(2) The following field officials are designated as responsible for the amendment of records or information located in facilities under their jurisdiction, as appropriate: The Director of each Center, Domiciliary, Medical Center, Outpatient Clinic, Regional Office, Supply Depot, and Regional Counsels. These officials will function in the same manner at field facilities as that specified in the preceding subparagraph for headquarters officials in Central Office.

(Authority: 5 U.S.C. 552a(f)(4))

(c) Any individual who disagrees with the Department of Veterans Affairs refusal to amend his or her record may request a review of such refusal. The Department of Veterans Affairs will complete such review not later than 30 days (excluding Saturdays, Sundays, and legal public holidays) from the date on which the individual request such review and make a final determination unless, for good cause shown, the Secretary extends such 30-day period. If, after review, the Secretary or designee also refuses to amend the record in accordance with the request the individual will be advised of the right to file with the Department of Veterans Affairs a concise statement setting forth the reasons for his or her disagreement with the Department of Veterans Affairs refusal and also advise of the provisions for judicial review of the reviewing official's determination. ( 5 U.S.C. 552a(g)(1)(A))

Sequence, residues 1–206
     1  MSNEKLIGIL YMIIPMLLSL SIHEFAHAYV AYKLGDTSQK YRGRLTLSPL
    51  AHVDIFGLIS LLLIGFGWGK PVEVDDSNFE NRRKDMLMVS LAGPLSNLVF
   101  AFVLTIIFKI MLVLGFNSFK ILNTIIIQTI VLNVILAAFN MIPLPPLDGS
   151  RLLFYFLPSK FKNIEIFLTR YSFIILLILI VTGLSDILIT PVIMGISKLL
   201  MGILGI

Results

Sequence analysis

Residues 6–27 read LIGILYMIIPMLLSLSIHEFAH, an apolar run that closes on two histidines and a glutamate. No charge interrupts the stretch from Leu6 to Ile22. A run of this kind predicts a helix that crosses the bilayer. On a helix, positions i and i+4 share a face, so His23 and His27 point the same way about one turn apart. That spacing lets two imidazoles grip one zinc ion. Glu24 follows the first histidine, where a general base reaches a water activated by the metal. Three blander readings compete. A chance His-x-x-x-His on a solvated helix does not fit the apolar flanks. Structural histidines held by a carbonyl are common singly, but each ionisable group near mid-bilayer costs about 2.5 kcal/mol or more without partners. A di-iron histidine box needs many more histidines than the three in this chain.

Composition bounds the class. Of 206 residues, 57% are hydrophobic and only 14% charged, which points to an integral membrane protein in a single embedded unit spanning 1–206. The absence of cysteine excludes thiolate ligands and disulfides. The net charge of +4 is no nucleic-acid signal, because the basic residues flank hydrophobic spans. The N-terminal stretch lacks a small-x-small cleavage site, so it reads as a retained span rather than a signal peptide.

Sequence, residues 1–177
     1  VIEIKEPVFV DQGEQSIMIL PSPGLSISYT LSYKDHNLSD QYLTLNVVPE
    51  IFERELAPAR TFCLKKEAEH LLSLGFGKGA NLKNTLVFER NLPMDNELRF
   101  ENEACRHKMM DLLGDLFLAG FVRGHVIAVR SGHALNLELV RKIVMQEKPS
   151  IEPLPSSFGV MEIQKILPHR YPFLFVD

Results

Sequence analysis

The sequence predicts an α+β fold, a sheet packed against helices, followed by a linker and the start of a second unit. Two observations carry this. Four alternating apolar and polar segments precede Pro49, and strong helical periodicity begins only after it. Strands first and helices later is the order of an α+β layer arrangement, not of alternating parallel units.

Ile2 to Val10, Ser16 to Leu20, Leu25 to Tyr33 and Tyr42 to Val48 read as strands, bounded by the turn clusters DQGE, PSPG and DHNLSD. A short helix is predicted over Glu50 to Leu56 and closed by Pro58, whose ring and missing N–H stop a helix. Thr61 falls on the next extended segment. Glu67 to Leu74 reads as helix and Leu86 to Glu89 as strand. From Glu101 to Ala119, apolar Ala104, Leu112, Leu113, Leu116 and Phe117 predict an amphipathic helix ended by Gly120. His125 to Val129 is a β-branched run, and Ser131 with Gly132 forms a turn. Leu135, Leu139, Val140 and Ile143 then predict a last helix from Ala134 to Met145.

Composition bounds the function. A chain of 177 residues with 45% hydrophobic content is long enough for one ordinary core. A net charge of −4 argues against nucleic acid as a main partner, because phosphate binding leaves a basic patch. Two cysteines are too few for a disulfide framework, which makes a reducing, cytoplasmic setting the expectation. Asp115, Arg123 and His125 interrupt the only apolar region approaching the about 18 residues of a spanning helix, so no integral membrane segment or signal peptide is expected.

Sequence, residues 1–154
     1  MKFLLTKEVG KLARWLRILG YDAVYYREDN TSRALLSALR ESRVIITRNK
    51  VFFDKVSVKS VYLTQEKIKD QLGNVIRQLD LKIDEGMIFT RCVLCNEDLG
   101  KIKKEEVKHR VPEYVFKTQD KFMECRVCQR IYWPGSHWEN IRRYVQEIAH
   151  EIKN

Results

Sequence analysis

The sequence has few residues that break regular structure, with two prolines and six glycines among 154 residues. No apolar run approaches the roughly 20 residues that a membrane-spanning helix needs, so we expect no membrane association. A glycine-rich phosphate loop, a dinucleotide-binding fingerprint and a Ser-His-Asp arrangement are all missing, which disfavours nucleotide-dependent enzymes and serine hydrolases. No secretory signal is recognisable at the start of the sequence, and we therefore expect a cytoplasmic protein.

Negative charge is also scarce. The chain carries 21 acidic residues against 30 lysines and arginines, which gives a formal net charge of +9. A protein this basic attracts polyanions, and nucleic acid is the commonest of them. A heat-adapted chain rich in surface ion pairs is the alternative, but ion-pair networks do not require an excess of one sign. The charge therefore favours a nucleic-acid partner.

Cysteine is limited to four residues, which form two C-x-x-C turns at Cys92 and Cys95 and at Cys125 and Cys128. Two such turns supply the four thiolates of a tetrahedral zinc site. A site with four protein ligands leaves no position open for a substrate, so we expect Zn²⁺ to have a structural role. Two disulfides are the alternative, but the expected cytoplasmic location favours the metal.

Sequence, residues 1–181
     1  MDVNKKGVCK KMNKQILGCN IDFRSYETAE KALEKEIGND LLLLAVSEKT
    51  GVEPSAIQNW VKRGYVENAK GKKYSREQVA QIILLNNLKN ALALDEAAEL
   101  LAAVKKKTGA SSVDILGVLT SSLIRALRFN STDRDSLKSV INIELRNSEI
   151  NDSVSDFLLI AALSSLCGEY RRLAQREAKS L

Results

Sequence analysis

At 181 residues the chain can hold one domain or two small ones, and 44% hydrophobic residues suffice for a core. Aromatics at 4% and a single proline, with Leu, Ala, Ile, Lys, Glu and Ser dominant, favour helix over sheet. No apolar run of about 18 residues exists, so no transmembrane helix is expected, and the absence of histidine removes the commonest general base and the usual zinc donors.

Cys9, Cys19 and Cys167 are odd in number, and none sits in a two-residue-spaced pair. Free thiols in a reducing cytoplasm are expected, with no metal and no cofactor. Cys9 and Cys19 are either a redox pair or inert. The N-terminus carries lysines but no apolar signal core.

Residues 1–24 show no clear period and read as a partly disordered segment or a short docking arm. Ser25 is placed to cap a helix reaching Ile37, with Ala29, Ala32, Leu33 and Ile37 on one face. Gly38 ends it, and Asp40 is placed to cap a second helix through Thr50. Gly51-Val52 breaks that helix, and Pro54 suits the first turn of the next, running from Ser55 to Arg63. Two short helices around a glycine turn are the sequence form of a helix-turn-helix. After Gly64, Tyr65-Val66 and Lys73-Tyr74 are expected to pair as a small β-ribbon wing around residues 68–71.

(d) In any disclosure, containing information about which the individual has filed a statement of disagreement, occurring after the filing of the statement under paragraph (c) of this section, the Department of Veterans Affairs will clearly note any part of the record which is disputed and provide copies of the statement (and, if the Department of Veterans Affairs deems it appropriate, copies of a concise statement of the Department of Veterans Affairs reasons for not making the amendments requested) to persons or other agencies to whom the disputed record has been disclosed. ( 5 U.S.C. 552a(d)(4)) ( 38 U.S.C. 501)

Thank You. Yes to be exact the C&P was  requested by the VA to re-evaluate my IBS which is already at maximum so they requested the C&P only to reduce it. Again my concern is the Doctor stated specific quotes I did not tell him.  I am seeing that I can challange the decision, but for now to wait until I recieve the decision in the mail which should be this week. Then go from there.

Share this post


Link to post
Share on other sites

Create an account or sign in to comment

You need to be a member in order to leave a comment

Create an account